With water column data including fluorescence, Fig. 6c is then analyzed to determine how much of the fluorescence is attributed to new growth or mixing. As discussed by Cullen (2015) the SCML contains a higher ratio of chlorophyll a to carbon as a result of survival strategy in reduced light; therefore, it can be speculated that the rapid increase in fluorescence could be the result of redistributed cells rather than new production. Integrating salinity over a depth of 50 m for 9 and 15 June (Fig. 9) yields a constant salinity inventory of 1474 and 1482 m, respectively (unit {m} : salinity{unitless} × integration depth {m}). Based on the assumption that mixing is conservative, integration of chlorophyll a for 9 and 15 June is also performed. The results were 105 and 158 mg Chl m−2, respectively, indicating that the majority of chlorophyll a (approximately two-thirds) observed at the surface is redistributed over the 5-day period during which the integration took place. The growth of the remaining 53 mg Chl m−2 (approximately one-third) can be attributed to rapid phytoplankton growth that would be expected to take place as a result of nutrients being mixed to the lit surface layer. This helps explain the rapid increase in fluorescence observed in Fig. 6c as most of the increase is due to redistributed phytoplankton from the SCML.

4.3 Impact of Hurricane Arthur on carbon cycling

In order to quantitatively estimate the direct impact Hurricane Arthur had on carbon cycling, air–sea fluxes were calculated for 2014 (Table 1). The average daily flux for July was 0 mmol C m−2 day−1; however, when the impact of Hurricane Arthur is removed from the average the new flux value is 7 mmol C m−2 day−1. If Hurricane Arthur was averaged alone, the flux would be 19 mmol C m−2 day−1, nearly half the rate observed during the phytoplankton bloom (45 mmol C m−2 day−1). The impact of the hurricane was substantial enough to cancel out the overall emission of CO2 to the atmosphere for the month of July. This indicates that short-term storm events can have a significant impact on annual pCO2 cycling for the Scotian Shelf in the regions affected by the storm.

5 Conclusions

The data provide compelling evidence that there is an interaction between wind speed, pCO2, and subsurface phytoplankton. However, the timing of a storm event dictates the strength of its impact. Previous work has shown that deeper water is rich in DIC compared to the surface, and it was expected that the mixing of deeper water would increase pCO2 as a result. However, subsurface phytoplankton has a relatively strong influence on carbon cycling during storm events. The effects of storms on pCO2 vary based on whether the water column is a two- or three-layer system and their timing during these two- and three-layer periods. Hurricane Arthur was a special case in that it impacted the shelf while it was in its three-layer phase. During this time, the entrained layer was stable as a result of the warm freshwater cap at the surface. This allowed phytoplankton to thrive at the boundary of the surface layer and the CIL, where there are more nutrients than in the upper mixed layer but still enough light to drive photosynthesis. When the storm arrived and perturbed this enclosed layer, it caused a sharp decrease in pCO2. It might appear evident that if there were changes in storm and wind characteristics, these would impact CO2 fluxes on the Scotian Shelf. However, so far no clear trends for changes in such characteristics are evident (e.g., Brickman et al., 2013).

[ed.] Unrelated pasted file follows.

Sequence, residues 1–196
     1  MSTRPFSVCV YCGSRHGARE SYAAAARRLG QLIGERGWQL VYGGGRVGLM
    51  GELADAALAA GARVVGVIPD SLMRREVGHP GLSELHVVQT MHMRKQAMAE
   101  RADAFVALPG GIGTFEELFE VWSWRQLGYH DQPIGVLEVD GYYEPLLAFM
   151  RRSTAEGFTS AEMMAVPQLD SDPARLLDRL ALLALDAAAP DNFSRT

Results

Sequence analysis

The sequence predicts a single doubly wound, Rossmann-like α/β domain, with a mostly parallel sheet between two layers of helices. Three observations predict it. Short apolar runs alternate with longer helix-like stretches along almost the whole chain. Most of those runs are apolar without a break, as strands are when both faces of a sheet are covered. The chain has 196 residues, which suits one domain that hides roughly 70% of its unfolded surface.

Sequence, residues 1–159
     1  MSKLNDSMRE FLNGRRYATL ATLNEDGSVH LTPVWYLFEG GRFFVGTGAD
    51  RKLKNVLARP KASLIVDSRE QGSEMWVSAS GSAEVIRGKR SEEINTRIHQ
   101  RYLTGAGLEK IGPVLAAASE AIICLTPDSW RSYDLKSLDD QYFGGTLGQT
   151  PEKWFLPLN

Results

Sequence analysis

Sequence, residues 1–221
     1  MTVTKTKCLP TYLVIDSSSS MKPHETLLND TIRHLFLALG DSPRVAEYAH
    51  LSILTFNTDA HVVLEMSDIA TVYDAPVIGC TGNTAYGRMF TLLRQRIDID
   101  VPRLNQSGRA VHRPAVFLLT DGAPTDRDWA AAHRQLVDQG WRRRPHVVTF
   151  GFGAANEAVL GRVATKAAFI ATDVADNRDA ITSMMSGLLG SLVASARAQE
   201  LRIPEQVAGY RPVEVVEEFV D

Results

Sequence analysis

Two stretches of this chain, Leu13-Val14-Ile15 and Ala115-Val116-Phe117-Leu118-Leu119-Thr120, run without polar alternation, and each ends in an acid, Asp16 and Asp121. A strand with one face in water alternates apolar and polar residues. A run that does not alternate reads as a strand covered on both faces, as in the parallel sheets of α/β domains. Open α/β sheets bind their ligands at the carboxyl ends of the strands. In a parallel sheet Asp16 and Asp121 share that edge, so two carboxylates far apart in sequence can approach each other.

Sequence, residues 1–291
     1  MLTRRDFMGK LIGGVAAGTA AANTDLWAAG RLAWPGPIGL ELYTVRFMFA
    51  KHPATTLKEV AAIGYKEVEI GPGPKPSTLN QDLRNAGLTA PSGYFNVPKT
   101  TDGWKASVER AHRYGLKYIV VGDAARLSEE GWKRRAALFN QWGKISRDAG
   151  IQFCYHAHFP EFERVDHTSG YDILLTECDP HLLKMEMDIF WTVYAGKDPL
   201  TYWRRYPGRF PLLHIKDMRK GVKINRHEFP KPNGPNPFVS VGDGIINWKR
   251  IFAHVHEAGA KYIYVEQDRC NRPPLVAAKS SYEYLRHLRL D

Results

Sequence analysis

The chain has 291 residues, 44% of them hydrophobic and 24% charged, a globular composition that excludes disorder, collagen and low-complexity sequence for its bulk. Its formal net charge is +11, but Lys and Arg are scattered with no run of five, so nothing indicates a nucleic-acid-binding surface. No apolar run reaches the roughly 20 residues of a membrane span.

The study presented in this work largely rests on data from moored autonomous instruments such as the CARIOCA buoy, which supply observational data with high temporal coverage. The complementing use of SeaHorse data has expanded the observations into the vertical dimension, which facilitates the consideration of water column properties and their influence on the surface water CO2 variability. In observational studies, a balance must always be found between temporal and spatial coverage, for example as discussed by Schiettecatte et al. (2007). It is clear that the use of moored instruments provides the high-temporal-resolution data needed to understand high-frequency variability. This strength of this study is at the expense of spatial coverage, and accordingly we cannot fully exclude lateral processes that might contribute to the variability of the CO2 system as observed by our instruments.

Data availability

The data set to this article is available at PANGEAE (Thomas et al., 2018).

Competing interests

The authors declare that they have no conflict of interest.


We are grateful to BIO staff for supporting mooring operations. This work was supported by MEOPAR and TOSST.

Edited by: S. W. A. Naqvi
Reviewed by: two anonymous referees


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Short summary
We report a detailed mechanistic investigation of the impact of Hurricane Arthur on the CO2 cycling on the Scotian Shelf. We can show that in contrast to common thinking, the deepening of the surface during the summer months can lead to increased CO2 uptake as carbon-poor waters from subsurface water are brought up to the surface. Only during prolonged storm events is the deepening of the mixed layer strong enough to bring the (expected) carbon-rich water to the surface.
Final-revised paper